Weekly Blog Round: CMHC Mortgage Rule Changed

MortgageReaders, before I discuss the mortgage rule changes for CMHC, I wanted to kindly ask that you take the time to vote me for my nomination of Top Canadian Investing Blog! I am down to 6th place and only you can make a difference. If you enjoy my blog, please give me a vote!

CMHC Mortgage Rules Change

Jim Flaherty, Finance Minister, made a recent change to the CMHC insurance rules which will see the following adjustments in July.

  • For anyone with less than 20% down, you won’t be able to get a 30 year amortization since CMHC won’t insure it. Your maximum amortization will be 25 years. The result of this change will prevent new home buyers to purchase a home without a higher monthly payment. Only 2 outcomes can mitigate this on your end: a salary increase or a higher down payment.
  • A home equity line of credit will be limited to 80% of your house value where by it previously was 85%. This will limit the borrowing power of home owners for potential speculative real estate investments.
  • On homes valued about $1 million, no CMHC insurance will be available. No big deal apparently since CMHC has barely needed to provide insurance for such homes in the past. What it does is officially put a ceiling on it to ensure high income earners with no assets don’t borrow more than they should.
  • Housing payments (including mortgage, heating costs and maintenance fees) cannot go above 39% of your income. Also known as your GDSR – Gross Debt Service Ratio. My Own Advisor had a post on it.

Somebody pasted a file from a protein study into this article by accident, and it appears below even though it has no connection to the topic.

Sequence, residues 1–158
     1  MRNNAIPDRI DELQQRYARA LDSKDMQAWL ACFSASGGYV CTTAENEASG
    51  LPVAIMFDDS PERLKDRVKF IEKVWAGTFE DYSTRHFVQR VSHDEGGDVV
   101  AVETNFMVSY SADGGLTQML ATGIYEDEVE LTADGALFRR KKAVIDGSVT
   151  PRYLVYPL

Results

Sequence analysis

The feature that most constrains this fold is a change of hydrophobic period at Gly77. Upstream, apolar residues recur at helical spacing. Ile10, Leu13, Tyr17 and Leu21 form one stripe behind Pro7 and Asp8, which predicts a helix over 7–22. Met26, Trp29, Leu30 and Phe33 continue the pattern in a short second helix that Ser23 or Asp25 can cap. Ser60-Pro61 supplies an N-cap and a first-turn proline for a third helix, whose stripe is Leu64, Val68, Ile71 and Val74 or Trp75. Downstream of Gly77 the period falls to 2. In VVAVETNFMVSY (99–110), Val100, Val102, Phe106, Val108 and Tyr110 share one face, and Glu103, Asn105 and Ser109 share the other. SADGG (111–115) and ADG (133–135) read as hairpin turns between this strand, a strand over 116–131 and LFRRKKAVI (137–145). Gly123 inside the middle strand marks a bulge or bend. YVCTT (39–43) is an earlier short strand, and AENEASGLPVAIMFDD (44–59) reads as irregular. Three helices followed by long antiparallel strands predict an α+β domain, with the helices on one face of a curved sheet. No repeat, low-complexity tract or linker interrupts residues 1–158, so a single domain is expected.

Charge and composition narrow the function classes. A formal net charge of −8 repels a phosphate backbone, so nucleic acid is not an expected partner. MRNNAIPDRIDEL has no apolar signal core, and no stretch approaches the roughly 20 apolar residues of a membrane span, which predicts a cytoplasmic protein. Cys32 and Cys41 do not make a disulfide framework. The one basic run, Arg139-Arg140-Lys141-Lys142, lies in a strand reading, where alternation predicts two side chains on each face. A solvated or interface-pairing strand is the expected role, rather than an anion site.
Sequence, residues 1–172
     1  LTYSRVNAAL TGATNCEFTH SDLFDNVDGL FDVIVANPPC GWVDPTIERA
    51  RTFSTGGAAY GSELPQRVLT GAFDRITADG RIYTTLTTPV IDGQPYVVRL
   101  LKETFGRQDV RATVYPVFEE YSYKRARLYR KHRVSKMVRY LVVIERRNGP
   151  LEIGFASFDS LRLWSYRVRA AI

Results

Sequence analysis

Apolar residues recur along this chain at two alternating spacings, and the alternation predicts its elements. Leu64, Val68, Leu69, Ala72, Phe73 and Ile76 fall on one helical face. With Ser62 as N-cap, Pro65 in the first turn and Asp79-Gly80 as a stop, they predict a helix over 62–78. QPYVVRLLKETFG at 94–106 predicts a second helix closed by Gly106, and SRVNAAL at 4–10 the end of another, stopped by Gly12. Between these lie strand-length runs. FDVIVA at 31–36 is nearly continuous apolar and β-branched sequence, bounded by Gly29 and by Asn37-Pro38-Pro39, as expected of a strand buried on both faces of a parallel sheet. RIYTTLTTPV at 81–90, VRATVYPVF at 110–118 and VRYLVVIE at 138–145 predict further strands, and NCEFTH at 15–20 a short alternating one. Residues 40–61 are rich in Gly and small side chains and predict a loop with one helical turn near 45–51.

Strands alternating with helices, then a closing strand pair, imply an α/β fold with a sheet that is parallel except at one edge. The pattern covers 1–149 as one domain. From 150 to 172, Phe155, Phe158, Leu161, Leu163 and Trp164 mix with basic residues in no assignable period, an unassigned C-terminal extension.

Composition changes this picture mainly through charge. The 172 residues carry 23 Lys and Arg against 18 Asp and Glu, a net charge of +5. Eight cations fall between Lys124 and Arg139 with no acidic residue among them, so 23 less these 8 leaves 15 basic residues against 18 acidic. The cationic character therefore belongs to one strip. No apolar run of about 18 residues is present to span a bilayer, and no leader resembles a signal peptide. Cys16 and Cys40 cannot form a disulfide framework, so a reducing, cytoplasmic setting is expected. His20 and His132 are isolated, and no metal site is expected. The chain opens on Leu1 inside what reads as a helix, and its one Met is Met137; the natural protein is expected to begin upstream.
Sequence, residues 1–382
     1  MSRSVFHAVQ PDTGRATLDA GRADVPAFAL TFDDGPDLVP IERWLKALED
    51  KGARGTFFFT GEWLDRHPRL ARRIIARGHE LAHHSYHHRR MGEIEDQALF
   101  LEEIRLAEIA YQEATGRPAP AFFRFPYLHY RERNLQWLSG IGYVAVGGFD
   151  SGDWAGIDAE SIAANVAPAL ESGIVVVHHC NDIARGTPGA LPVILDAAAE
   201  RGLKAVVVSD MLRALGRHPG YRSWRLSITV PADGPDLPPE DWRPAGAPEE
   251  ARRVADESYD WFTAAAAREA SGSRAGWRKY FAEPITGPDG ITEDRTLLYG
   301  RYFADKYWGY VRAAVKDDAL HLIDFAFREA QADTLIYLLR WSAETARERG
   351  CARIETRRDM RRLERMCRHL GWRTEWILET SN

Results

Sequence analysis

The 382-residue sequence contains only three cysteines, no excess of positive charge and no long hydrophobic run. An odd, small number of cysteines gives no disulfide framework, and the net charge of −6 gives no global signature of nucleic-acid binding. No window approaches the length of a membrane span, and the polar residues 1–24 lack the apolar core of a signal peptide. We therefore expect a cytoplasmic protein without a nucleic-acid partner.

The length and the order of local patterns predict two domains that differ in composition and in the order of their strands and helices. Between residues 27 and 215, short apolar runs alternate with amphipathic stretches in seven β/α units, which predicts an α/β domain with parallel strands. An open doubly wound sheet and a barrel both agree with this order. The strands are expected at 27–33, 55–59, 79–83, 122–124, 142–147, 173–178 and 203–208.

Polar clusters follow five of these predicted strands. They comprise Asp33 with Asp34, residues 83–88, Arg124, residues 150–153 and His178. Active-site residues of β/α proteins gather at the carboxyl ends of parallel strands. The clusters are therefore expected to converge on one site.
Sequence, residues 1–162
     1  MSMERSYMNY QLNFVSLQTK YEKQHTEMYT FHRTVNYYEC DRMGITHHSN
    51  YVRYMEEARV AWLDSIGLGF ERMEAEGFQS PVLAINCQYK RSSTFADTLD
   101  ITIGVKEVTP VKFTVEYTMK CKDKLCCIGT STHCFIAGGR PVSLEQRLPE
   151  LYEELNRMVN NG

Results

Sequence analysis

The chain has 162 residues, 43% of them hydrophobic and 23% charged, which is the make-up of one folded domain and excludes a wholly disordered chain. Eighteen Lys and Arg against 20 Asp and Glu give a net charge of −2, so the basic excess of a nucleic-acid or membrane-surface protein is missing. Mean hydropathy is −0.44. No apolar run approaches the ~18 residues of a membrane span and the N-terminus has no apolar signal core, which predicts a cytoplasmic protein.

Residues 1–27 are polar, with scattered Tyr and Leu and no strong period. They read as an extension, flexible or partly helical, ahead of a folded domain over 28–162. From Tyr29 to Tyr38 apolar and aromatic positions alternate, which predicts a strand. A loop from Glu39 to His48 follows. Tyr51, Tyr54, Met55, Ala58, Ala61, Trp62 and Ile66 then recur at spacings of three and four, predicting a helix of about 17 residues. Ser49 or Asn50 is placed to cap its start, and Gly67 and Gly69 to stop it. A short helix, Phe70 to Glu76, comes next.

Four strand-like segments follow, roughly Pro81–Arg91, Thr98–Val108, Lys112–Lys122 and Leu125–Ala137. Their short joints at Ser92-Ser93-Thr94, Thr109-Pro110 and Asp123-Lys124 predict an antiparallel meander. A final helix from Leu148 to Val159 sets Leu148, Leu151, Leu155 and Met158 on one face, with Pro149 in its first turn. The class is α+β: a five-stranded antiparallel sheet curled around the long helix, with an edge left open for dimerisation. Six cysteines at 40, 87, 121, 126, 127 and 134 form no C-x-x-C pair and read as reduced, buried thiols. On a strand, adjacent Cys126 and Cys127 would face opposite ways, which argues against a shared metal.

• Total debts (mortgage, car loan, credit cards and other loans) can’t exceed 44% of your income. Also know as your TDSR – Total Debt Service Ratio.

For my posts on mortgages, see my Mortgage page on the menu bar.

Worthy Readings

Some weekend reading to share …

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Have a nice weekend & don’t forget to vote for me @ Top Canadian Investing Blog!

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6 Responses to "Weekly Blog Round: CMHC Mortgage Rule Changed"

  1. I love the new mortgage rules personally.

    I think 30 year to 25 year amortization will just force people to spend a little less on their house (which is probably a good thing). Same goes for the tightening up of the GDSR and TDSR ratios.

    When my husband and I went to buy a house a few years ago they said we could afford max about a $350,000 mortgage and pointed us in the direction of $350,000 houses.

    I think most people have the same thought, they are told the maximum they can afford and they start looking in that price range.

    It just seems to me that they are encouraging people to get into as much mortgage debt as possible, which is even more disturbing if you don’t have a large down payment.

    I have friends that say they are looking for a house and when you ask them what price range they are looking for they say, whatever the bank tells us we can borrow.

    I understand mortgage money is really cheap right now and it is tempting but I really wonder what will happen to people when the renewal date comes up and you find out that in the first few years you haven’t paid that much off of your principle and here is what your new payment is.

    We did buy a house ($108,000) and took it out over 60 payments and its almost paid off. Maybe we would have been better off taking out a $350,000 mortgage and living a little “larger”

    I guess we will never know, part of security for me personally is having no mortgage but I understand not everyone thinks that way.

    Just my opinion 🙂

    1. The Passive Income Earner · Edit


      I totally agree with you. I never spent the total amount I could borrow but rather spend what I was comfortable with.


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